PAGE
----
Naturally, I collected some shells as I walked - mostly very small, but colorful examples.

Bill decided I needed a horseshoe crab exoskeleton (or molt) in my collection and the animal that shed this one left it intact. Horseshoe crabs are among the oldest residents of planet Earth, preceding dinosaurs by millions of years. They are actually more closely related to spiders than crabs. The molts are perfect replicas of the animal that once lived in it. They exit through an opening in the front of the shell.

This is my growing collection. After I wash them and let them dry, I put them in vented and labeled containers. Some of the specimens need to spend a night in a 50% bleach bath before they can be put away.

Monday, December 22, 2008

White Pelicans

Today at Ding Darling Wildlife Refuge I finally got some pictures of the illusive white pelicans. Last time we were there the battery in my camera died. These birds are huge - standing five feet tall with a seven to eight foot wingspan. Their more common cousins, the brown pelicans are the ones normally seen on the beach or diving for fish.

A brown pelican. Notice how different they look!
One more picture of the roseate spoonbill. According to my bird guide, they stand just under three feet tall. This picture shows the spoon shape of their bill but does not do justice to their bright pink color.

Besides bird watching, I've been collecting seashells - lots of seashells. I come from a shell collecting family. My parents met at the annual meeting of the American Malacological Union (now Society) in 1939. They married in December, 1941 and spent their honeymoon on Sanibel. I grew up with shells all over the house. Mother's collection is now at Harvard and Dad's is housed at the University of Michigan in Ann Arbor. My father, Horace was president of the AMU, and editor of The Nautilus; my mother, Bernadine (Bunny) was business manager.

Beth and I remember collecting trips as children and now that we are older - it seems to all be coming back. I even remember one of the scientific names our father taught us - "Busycon" (whelk). Beth is much better at identifying shells than I am and recently posted a great guide on her blog. Her pictures are excellent so be sure to check it out.

Return to Sanibel

Bill and I returned to Sanibel and the Ding Darling Wildlife Refuge. We purchased one of the senior passes that is good for lifetime admission to any National Park in the U.S.. It's a great buy for only $10! Finally a perk for being old!

We spotted this family of raccoons at one of the outlooks. They walked right in front of us - first mom than her two babies. As you can see, mom waited for the kids before leading them off.

Looking over one of the bridges we saw schools of fish - mullet and what we think is either alligator gare or needle fish.

Mullet are really strange fish. They keep jumping out of the water. Scientist are not sure why but think they might either have paracites in their gills or are spooked by other fish. Maybe they just jump because they can!

This wood stork caught my eye sitting in a tree.

The roseate spoonbills are such beautiful birds!

Today we spotted this flock of herons. Most were white but there were a few great blues.

These are double-creasted comorants.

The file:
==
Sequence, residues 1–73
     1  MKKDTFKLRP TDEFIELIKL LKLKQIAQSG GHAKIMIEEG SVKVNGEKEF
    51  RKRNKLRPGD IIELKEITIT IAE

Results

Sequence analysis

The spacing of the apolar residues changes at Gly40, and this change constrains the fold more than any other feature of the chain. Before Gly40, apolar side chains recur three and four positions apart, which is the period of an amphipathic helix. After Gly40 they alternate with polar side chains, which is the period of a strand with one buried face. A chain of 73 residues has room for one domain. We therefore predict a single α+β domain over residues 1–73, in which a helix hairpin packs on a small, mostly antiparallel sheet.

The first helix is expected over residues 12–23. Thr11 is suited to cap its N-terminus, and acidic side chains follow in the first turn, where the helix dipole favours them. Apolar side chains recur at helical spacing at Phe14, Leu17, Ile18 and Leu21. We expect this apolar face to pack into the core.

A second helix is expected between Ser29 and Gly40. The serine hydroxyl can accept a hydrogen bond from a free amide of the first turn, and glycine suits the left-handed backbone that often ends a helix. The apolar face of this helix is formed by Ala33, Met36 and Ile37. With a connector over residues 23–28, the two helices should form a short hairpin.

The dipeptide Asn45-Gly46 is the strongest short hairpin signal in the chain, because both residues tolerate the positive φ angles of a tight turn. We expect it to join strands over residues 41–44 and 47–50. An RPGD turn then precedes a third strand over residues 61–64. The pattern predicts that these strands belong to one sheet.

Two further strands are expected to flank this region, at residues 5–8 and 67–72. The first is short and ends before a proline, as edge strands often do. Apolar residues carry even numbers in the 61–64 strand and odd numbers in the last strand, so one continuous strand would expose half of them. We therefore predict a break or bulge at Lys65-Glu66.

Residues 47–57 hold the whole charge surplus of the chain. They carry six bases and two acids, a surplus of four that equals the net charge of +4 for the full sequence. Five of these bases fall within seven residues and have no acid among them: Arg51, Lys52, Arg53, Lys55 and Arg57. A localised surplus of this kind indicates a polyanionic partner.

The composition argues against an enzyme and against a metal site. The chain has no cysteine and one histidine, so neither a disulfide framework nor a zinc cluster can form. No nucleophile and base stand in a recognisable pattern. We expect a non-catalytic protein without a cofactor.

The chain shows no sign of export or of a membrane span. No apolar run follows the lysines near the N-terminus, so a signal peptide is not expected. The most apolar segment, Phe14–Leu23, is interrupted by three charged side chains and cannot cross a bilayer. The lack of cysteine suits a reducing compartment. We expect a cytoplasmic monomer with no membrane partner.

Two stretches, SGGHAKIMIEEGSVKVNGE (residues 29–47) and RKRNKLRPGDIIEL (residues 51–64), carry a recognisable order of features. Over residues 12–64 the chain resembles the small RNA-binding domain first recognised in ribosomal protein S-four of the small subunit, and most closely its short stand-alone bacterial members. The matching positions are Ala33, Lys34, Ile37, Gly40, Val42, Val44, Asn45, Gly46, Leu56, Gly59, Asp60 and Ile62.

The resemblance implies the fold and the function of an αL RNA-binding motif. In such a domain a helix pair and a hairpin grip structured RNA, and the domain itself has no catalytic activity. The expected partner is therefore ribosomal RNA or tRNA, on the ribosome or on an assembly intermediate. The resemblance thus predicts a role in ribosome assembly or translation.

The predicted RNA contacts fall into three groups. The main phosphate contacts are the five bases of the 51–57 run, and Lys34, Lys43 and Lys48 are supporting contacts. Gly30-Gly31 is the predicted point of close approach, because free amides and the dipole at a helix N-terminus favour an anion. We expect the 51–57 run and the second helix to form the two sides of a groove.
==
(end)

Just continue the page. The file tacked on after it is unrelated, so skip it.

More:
After we left Ding Darling, we went to see the historic Sanibel Lighthouse. It was decorated for Christmas with a huge wreath and big red ribbon bow.

After coming home I made chocolate chip cookies (see recipe on 11/27 blog entry) for JK. He is due to arrive tonight around midnight. Bill & I drank lots of coffee to stay awake. Unfortunately, flights are delayed out of New York City so he may end up spending the night in Atlanta and I may end up watching the late show. Is Johnny Carson still on?

Saturday, December 20, 2008


This is Cody. He is a miniature Labra-poodle - described by his owner as a designer mix of Labrador Retriever and Miniature Poodle. He was eager to please and sat-up on command - and stayed in position while I snapped his picture - knowing there was a treat waiting for him.

Friday, December 19, 2008

Ding Darling National Wildlife Refuge

Yesterday we headed over to Sanibel Island (a barrier island in the Gulf of Mexico) and the Ding Darling National Wildlife Refuge. This is a "DON'T MISS" stop on any trip to Florida - even with the $6 fee to cross the causeway.

The 6,400 acre refuge is part of the largest undeveloped mangrove ecosystem in the United States and is world famous for its spectacular migratory bird populations. There are over 220 species of birds on Sanibel!

J. N. "Ding" Darling is one of over 540 refuges in the National Wildlife Refuge System - which means if you have a Golden Pass for National Parks - there is no entry fee.

Bill spotted this Yellow-Crowned Night Heron at our first stop.

I couldn't resist taking a picture of these beautiful morning glories!

This is another Reddish Egret.

And a Great Egret.

These are Cormorants swimming around in one of the estuaries, an area where salt water mixes with fresh water creating a habitat rich with vegetation and animal life. This is one of my favorite pictures.

BUT - the most exquisite sighting for me were the Roseate Spoonbills. They are beautiful pink birds with spoon-shaped bills. I took so many pictures, the battery on my camera went dead - which means I didn't get any pictures of the white pelicans.

Thank you Beth and Warren for taking us! I will definitely go back!